Did you know that there is an observation platform already in place at Sassafras Mountain and that plans are in place to build a multi-level observation platform on the peak when fundraising can be completed. Phase One of the plan has been executed, removing many of the trees and other woody vegetation at the top to increase the viewing potential. To read more about the plan click SCDNR.

And what a view it is, with panoramic vistas looking back towards Jocassee Gorges in S.C., and across a wider range of mountains into N.C. it lies among the 77-mile long Foothills Trail. The terrain is steep in this area, and even driving to Sassafrass can be challenging, but it's worth the trip. This area should provide a lot of enjoyment for the public, especially when it is the fall leaf viewing season.

To view past blog entries with mountain vista photos click here.
I parked my Toyota Avalon hybrid very near the Over Look

Artist's Representation of Tower

Wednesday, October 15, 2014

50th Ann. of Southeastern Outdoor Press at Fontana, N.C.

2014 is the Golden Anniversary for SEOPA

Those passionate folks in the Southeast who felt a calling to write about the outdoors banded together five decades ago to found a media organization while gathering near the Smoky Mountains in Fontana, North Carolina. The steady march of time from 1964 included plenty of hunting seasons and fishing opportunities, before it became time to plan and celebrate the 50th Anniversary of the Southeastern Outdoor Press Association. Though the recent changes in the publishing industry have been numerous it was a return to Fontana that brought attendees a tangible connection to the past.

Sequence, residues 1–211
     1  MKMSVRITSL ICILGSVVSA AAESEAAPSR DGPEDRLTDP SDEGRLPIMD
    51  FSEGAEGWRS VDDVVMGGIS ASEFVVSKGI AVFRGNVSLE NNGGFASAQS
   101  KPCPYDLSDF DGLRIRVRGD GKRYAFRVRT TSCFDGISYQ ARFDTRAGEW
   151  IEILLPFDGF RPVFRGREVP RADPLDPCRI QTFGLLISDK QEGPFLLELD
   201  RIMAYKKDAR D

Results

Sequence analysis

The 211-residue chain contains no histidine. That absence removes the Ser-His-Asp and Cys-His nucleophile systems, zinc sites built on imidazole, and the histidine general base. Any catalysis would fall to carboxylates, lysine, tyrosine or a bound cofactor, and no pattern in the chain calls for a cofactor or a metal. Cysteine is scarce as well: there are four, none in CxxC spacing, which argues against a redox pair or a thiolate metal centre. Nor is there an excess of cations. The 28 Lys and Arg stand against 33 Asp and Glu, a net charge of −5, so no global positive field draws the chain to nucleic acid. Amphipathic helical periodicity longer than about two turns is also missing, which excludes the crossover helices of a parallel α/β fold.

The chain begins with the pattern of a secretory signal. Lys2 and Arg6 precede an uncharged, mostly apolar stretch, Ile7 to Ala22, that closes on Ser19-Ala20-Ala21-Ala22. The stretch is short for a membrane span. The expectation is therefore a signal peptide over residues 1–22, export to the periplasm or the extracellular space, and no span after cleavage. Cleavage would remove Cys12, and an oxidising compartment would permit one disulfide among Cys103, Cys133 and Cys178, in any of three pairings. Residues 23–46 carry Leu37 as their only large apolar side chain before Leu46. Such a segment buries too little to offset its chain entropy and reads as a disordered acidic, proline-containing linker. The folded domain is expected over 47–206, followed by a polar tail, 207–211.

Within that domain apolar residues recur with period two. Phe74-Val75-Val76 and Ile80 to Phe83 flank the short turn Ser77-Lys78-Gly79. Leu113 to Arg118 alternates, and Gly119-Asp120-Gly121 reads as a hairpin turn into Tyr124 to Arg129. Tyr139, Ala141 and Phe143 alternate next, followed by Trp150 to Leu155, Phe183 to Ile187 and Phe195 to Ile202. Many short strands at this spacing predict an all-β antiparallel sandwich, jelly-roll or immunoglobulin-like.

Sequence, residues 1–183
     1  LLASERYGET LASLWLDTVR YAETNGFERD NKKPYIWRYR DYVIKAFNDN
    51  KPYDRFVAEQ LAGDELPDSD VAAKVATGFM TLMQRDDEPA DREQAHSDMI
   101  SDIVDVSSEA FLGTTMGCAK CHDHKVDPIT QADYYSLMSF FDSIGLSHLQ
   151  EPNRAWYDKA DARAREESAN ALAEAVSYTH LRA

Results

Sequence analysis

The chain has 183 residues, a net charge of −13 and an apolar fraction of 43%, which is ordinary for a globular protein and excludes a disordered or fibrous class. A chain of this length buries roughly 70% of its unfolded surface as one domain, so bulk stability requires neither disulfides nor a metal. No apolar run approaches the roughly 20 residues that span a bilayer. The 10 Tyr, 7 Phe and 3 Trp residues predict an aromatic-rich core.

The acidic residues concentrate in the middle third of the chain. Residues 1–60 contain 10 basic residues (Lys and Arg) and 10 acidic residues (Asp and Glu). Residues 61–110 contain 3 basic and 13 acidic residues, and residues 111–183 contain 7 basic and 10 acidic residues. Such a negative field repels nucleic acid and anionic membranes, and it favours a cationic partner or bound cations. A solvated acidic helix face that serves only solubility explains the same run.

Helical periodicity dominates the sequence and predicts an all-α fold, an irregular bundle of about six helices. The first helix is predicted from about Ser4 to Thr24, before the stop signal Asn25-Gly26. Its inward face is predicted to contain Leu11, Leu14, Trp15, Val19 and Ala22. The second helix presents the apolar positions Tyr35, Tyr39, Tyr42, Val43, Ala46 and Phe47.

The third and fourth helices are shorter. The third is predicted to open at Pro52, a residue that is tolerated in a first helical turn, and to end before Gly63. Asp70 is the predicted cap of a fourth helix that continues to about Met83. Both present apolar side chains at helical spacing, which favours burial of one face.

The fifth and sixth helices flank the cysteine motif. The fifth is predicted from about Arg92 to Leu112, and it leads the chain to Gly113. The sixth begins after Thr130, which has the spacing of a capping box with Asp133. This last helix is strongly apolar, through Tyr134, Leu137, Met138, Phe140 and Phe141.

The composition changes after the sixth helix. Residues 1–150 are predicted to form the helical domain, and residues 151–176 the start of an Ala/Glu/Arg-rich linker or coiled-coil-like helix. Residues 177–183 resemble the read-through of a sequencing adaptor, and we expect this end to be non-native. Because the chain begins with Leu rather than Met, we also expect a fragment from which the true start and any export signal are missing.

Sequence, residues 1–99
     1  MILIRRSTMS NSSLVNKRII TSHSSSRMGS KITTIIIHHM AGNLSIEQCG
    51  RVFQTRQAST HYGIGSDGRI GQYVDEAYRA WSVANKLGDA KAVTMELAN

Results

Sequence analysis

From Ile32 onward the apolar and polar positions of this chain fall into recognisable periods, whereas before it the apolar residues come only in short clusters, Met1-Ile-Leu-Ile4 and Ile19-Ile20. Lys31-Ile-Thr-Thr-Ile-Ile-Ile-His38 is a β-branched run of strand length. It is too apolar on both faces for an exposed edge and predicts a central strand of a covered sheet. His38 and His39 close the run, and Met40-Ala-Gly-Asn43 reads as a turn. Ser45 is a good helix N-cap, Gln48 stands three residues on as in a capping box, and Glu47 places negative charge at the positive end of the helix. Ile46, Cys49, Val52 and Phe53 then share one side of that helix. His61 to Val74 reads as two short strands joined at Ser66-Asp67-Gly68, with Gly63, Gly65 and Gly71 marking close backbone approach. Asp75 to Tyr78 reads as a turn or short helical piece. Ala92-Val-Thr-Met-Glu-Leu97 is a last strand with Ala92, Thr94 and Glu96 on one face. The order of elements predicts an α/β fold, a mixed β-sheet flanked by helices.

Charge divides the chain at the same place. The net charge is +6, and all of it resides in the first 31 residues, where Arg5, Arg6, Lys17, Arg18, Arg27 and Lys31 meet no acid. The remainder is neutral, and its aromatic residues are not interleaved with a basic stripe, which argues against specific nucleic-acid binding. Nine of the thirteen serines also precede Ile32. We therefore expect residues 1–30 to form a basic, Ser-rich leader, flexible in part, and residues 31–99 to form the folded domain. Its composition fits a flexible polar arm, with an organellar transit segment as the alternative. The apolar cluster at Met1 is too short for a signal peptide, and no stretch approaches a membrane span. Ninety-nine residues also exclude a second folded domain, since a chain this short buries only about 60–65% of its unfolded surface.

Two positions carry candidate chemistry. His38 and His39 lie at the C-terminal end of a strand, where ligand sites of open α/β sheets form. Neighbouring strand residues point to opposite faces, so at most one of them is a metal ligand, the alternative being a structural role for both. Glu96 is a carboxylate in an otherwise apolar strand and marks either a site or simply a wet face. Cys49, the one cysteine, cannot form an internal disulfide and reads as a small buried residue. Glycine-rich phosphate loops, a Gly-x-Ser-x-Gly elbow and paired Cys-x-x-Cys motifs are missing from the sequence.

NBCI Outdoor Communicator Award Winners at SEOPA
The conference kicked off with a concert by local bluegrass band Balsam Range, and their lead singer quipped that they were proud to be Appalachian Americans. The business of the annual conference is always to help the media members to become better at their craft, and to remain mindful of their professional responsibilities. Workshops at Fontana included adventure photography, writing outdoor stories for youth readers, first aid in the field and newspaper reporting. One session about the tribulations of blogging held particular interest for me since I began my own blog back in January 2009.

A large crowd gathered for the 50th Anniversary
 Ron and Karen Presley traveled from Florida
Fundraising for SEOPA includes silent and live auctions during dinner banquets at the conference. The annual awards banquet is a time to recognize the best of the best from the Southeast for their prowess in outdoor communications. While there were too many awards to list them all it is worth noting that members Bodie McDowell and Thayne Smith were inducted into the Fresh Water Fishing Hall of Fame while at Fontana.